to give them and their successours the advowson of the church, to pray for the healthy
estate of him the said John whilst he should live, and for his soul when he should
die, and for the souls of Thomas de Lungvillers his father, and of all the faithful departed daily for ever, took not effect, he might then give the said advowson to the
prior and canons of Newstede in Shirewode, to find five chaplains, viz, three in the
church of Tuxford, and two in that of Newstede to pray accordingly, who had also
leave to receive the said advowson, and appropriate the church to the uses of themselves, and their successours for ever. John de Lungvillers, 35 E. 3. (fn. 29) was found
to have held this part of Tuxford, and many other parcels in Laxton, Morehouse, Skegby, Strathagh, Houghton, Allerton, Little Drayton, Carleton, Elkesley, Grimston, Welhagh, Kirketon, Walesby, Stretton, Fenton, and Littleburgh, small parcels, and in Egmanton joyntly with Elizabeth his wife, one mess. one dovecote, one windmill, two
car. of land, twenty-two acres of meadow, 12l. ob. rents of assize, &c. he left Thomas his son and heir, who it seems had no issue, so that his sister Agnes, the wife of
Reginald de Everingham was his heir, and she having no issue (though her husband
had by his second wife Joane a son Edmund, who died without issue male.) This
land descended to sir Richard Stanhop of Rampton, as heir of her the said Agnes, 22
R 2. (fn. 30) viz. son of Elizabeth, daughter of Stephen Maulovell, son of Elizabeth,
sister of John Lungvillers, father of the said Agnes, as in Rampton will be further declared.
The third share which Agnes de Sancta Cruce had, was likewise divided into three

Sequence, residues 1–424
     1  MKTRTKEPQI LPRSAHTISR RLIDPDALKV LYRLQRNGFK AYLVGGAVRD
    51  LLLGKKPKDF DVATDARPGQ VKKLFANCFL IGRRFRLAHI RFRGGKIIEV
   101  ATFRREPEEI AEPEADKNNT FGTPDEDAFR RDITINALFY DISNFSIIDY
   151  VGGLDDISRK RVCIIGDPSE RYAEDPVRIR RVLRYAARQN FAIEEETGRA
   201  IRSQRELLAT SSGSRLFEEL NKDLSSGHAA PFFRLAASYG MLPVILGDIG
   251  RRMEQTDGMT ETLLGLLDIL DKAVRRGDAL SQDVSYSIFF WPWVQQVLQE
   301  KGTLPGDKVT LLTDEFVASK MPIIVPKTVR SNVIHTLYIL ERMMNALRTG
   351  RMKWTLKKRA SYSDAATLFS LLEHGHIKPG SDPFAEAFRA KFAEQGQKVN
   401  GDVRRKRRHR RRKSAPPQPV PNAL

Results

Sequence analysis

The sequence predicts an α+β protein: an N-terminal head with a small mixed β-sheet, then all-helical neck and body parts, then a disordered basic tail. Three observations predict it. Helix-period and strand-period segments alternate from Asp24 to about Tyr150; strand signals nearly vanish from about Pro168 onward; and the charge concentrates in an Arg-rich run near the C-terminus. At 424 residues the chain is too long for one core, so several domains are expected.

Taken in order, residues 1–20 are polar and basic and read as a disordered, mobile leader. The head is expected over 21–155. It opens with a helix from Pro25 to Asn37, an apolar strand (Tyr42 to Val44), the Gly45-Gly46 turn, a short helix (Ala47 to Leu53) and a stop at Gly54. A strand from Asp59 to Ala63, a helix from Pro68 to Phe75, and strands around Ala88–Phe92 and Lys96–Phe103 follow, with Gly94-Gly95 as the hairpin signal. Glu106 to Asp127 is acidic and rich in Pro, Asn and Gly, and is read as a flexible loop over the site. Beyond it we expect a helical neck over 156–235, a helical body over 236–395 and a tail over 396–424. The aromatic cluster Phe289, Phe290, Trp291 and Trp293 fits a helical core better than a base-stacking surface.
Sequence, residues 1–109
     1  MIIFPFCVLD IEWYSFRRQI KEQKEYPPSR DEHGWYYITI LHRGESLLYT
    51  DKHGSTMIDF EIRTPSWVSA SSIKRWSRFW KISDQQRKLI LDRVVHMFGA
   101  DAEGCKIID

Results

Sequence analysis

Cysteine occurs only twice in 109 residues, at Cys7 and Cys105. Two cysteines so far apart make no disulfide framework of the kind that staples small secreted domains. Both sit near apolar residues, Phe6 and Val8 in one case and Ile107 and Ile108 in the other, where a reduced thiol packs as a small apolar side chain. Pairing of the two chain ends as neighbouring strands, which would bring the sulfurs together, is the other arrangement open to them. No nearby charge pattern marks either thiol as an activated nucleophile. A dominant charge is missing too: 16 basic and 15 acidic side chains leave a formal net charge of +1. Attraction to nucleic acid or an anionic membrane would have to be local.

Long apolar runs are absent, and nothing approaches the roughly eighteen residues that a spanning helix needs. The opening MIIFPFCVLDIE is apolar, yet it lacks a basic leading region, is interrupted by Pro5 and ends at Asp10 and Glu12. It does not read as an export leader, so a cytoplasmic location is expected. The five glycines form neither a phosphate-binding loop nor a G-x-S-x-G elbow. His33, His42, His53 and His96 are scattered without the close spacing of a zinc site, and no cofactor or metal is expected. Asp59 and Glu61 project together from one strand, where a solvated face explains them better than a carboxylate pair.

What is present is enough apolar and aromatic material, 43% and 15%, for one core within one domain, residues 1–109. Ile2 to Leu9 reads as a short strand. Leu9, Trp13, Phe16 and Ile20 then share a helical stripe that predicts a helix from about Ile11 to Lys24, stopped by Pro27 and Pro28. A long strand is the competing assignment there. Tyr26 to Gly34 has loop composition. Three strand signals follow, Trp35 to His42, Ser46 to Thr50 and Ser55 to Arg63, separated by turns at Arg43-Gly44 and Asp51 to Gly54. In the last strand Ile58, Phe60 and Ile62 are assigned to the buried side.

more parcels, she having three daughters married, (fn. 31) and two twins Cecily and Margaret, born sixteen or seventeen years after the last of the former three, which twins
I suppose died unmarried. Joan the eldest, was first married to John de Bayeux,
and after to Robert de Hakthorne; Margery, the second, to Peter Foun, who had
issue John his son and heir, but he had no child, so that Elizabeth his sister, wife of
Thomas de Mering, 32 E. 3. (fn. 32) was found heir of her brother the said John Foun.
And Elizabeth, the third daughter of the said Agnes, was married to John Barkworth, knight, who, 28 E. 3. (fn. 33) left that share to John Barkeworth his son and heir.
Edward de Lovetot, 37 E. 3. (fn. 34) held the lands which were Johns, the son and heir
of John de Barkeworth, and of Elizabeth his wife, the third part of the third part of
the manor of Tuxford; and Joane the sister and heir of John, son of Robert de Barkworth, held the same by the same service of the third part of the third part of half a
knights see of the king in capite. (fn. 35) Simon de Burgh, & Joan his wife, 48 E. 3 (fn. 36)
levied a fine of the third part of the manor of Little Markham, and the third part of
the third part of the manor of Tuxford to Thomas de Wolton, and Walter Dautre,
clarks, and their heirs. Sir Robert de Swyllington chr. entailed the like, or same
third part of the manor of Little Markham, and third of the third of Tuxford on
Raph Crumwell, knight, for life; remainder to William Crumwell his son, and the
heirs males of his body; (fn. 37) remainder to Thomas and John, brothers of the said
William successively, and their respective heirs males. William it seems had sir Robert Crumwell, knight, his son and heir, who dying without issue male, as did the
said Thomas and John his uncles. Raph lord Crumwell found himself in concerned
in the inheriiance, as son of Raph, son of the first Raph, whose heirs had the last remainder in the said intayl, and did his homage, 21 H. 6.
(fn. 38) William Deyncourt, chr. 18 E. 3. had ten marks yearly rent in Tokesford
passed to him by fine from John, son of William de Roos of Ingmanthorp, and from
Joane his wife. Robert, son of Robert Deyncourt, knight, 2 H. 4. (fn. 39) held ten
marks rent issuing out of two parts of the manor of Tukesford. This rent came to be
afterwards the lord Crumwells also, as in Lamley may be perceived.
(fn. 40) Johane, who had been wife of William Lassells, about 6 H. 5. died seized of
the 3d. part of the 3d. part of the manor of Tuxford; Will. Lassells was her son and